Global Warming… The Climate Models Aren’t What They Used to Be
Global warming is real. Kind of.
The observed rate of warming (since 1976) has been remarkably constant, and in recent years we’ve seen a leveling off and even a bit of cooling — but none of the climate models used to show everyone that we need to change our ways have been changed. The models are overly simplistic, in other words: they’re wrong. Even taking the climate model’s as gospel truth for the foreseeable future, our temperature rise is at the low end of rates projected by the United Nations. Just another political manipulation?
About half of the warming of the 20th century is probably a result of greenhouse gas emissions, with particular emphasis on the “second” warming, which began in the mid-1970’s. The first warming took place from 1910-1945, and was largely solar in origin, and there is substantial evidence that the sun’s cycles are playing a big part in the current changes.
Disaster scenarios such as the rapid shedding of ice from Greenland are not warranted by historical data, so Al Gore‘s got this one wrong, too.
There is no known suite of politically acceptable technologies that can significantly alter the warming trajectory of the planet.
Enforcing policies now is simply a waste of money that can better be invested in future technological development.
Once I post the interview, I’ll put a link to it here… You’ve got to listen!
Senior Fellow in Environmental Studies
Patrick Michaels – A biography
Michaels is a research professor of environmental sciences at the University of Virginia and visiting scientist with the Marshall Institute in Washington, D.C. He is a past president of the American Association of State Climatologists and was program chair for the Committee on Applied Climatology of the American Meteorological Society. Michaels is a contributing author and reviewer of the United Nations Intergovernmental Panel on Climate Change.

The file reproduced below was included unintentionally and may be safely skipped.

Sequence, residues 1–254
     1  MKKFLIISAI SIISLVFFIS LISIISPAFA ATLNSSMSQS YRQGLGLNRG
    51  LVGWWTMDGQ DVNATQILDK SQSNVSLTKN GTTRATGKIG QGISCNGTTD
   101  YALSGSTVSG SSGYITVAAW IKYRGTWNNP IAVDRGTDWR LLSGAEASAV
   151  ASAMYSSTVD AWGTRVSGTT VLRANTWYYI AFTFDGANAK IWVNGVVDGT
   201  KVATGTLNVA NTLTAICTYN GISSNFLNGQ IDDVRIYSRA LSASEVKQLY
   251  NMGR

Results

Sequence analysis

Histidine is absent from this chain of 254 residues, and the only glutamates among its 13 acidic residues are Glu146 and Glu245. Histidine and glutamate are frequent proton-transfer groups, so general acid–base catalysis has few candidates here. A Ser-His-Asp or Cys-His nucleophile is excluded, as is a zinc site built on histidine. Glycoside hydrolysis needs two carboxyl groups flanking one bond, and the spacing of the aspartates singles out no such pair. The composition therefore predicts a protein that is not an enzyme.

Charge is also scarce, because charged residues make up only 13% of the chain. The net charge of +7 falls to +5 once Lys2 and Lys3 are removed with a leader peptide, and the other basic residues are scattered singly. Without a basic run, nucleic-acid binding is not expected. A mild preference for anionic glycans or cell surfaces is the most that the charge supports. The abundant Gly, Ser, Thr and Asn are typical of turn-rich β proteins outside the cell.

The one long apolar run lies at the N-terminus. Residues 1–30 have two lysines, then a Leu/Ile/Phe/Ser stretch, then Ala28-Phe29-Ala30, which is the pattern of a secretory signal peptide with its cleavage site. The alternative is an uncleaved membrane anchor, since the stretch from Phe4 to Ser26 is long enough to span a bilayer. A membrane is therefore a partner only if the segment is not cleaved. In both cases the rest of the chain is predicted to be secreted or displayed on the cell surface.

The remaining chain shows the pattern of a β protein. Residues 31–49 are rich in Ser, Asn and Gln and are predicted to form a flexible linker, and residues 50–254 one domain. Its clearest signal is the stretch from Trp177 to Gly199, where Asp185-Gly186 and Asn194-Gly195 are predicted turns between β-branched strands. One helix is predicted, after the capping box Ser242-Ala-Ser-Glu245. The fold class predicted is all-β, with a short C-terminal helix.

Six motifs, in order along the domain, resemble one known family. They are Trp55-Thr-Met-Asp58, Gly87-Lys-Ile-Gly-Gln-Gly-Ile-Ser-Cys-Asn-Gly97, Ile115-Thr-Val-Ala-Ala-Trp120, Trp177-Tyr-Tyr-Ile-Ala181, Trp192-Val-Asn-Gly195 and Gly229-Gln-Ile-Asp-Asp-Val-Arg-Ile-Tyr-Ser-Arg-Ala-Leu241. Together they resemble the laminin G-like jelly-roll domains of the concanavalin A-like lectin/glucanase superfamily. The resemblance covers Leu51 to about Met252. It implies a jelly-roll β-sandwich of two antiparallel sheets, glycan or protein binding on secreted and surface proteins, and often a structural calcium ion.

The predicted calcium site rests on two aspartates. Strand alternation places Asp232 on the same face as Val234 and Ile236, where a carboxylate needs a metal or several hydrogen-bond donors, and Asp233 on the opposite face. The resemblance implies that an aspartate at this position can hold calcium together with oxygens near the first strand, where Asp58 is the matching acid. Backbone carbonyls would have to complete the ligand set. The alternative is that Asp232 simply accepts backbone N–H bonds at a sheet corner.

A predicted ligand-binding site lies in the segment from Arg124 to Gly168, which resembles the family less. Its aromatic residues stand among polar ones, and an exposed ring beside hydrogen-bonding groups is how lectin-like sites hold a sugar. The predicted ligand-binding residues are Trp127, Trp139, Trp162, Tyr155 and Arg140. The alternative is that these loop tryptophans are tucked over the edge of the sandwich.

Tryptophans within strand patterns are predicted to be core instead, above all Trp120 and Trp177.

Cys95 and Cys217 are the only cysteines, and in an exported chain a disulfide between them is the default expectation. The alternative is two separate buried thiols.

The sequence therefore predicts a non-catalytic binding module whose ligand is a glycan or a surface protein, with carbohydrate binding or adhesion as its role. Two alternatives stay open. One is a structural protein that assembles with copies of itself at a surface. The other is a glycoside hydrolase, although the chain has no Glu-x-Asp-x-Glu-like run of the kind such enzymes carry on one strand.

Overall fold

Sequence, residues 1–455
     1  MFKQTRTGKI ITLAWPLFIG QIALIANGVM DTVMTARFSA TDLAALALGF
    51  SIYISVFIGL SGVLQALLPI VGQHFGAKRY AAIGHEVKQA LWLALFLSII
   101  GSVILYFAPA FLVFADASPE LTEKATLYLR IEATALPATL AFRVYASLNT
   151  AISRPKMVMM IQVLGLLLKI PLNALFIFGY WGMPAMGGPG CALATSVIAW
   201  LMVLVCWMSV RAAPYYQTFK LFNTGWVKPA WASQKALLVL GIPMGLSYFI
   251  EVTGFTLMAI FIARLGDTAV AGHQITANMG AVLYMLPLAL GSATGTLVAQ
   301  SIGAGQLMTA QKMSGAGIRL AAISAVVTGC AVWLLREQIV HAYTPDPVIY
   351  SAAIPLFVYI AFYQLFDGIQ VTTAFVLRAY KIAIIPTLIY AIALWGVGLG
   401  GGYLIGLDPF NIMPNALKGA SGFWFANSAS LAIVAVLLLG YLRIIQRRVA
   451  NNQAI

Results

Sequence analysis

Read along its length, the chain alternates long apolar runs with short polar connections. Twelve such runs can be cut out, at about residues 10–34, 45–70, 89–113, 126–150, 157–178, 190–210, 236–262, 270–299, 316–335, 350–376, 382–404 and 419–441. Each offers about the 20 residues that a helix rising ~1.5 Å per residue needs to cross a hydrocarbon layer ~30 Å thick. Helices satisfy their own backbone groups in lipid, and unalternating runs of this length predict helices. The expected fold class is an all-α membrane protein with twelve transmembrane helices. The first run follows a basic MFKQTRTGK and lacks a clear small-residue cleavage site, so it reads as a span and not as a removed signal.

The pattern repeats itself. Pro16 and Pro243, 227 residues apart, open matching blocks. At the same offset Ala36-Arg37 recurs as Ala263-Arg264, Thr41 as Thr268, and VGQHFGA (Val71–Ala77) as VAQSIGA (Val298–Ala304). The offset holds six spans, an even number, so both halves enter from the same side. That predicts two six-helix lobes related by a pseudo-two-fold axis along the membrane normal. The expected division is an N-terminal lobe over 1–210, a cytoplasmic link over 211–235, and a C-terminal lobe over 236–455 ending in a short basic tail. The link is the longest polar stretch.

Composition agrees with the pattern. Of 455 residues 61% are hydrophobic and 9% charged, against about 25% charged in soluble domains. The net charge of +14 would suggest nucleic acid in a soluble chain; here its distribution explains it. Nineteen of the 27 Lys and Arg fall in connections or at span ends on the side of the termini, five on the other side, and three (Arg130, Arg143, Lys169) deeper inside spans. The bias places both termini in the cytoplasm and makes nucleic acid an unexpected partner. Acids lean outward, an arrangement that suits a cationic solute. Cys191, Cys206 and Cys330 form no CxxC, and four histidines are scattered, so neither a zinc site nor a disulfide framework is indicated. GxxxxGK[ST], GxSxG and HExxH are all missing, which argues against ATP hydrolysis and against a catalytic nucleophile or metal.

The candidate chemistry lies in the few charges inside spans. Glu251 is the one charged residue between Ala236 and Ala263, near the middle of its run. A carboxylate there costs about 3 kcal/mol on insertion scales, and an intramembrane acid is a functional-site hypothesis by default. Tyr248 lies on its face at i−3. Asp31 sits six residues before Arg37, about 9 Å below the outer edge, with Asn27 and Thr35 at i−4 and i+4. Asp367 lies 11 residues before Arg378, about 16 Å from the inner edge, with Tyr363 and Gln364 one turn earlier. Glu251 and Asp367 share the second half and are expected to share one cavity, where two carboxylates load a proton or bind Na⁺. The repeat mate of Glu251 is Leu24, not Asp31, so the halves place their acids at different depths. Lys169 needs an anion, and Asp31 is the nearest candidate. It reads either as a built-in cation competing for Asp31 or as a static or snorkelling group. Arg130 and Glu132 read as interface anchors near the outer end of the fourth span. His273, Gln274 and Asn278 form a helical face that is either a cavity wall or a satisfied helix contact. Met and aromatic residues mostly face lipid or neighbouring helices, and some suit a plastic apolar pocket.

His writing has been published in the major scientific journals, including Climate Research, Climatic Change, Geophysical Research Letters, Journal of Climate, Nature, and Science, as well as in popular serials such as the Washington Post, Washington Times, Los Angeles Times, USA Today, Houston Chronicle, and Journal of Commerce.
He was an author of the climate “paper of the year” awarded by the Association of American Geographers in 2004. He has appeared on ABC, NPR’s “All Things Considered,” PBS, Fox News Channel, CNN, MSNBC, CNBC, BBC and Voice of America. According to Nature magazine, Pat Michaels may be the most popular lecturer in the nation on the subject of global warming.
Michaels holds A.B. and S.M. degrees in biological sciences and plant ecology from the University of Chicago, and he received a Ph.D. in ecological climatology from the University of Wisconsin at Madison in 1979.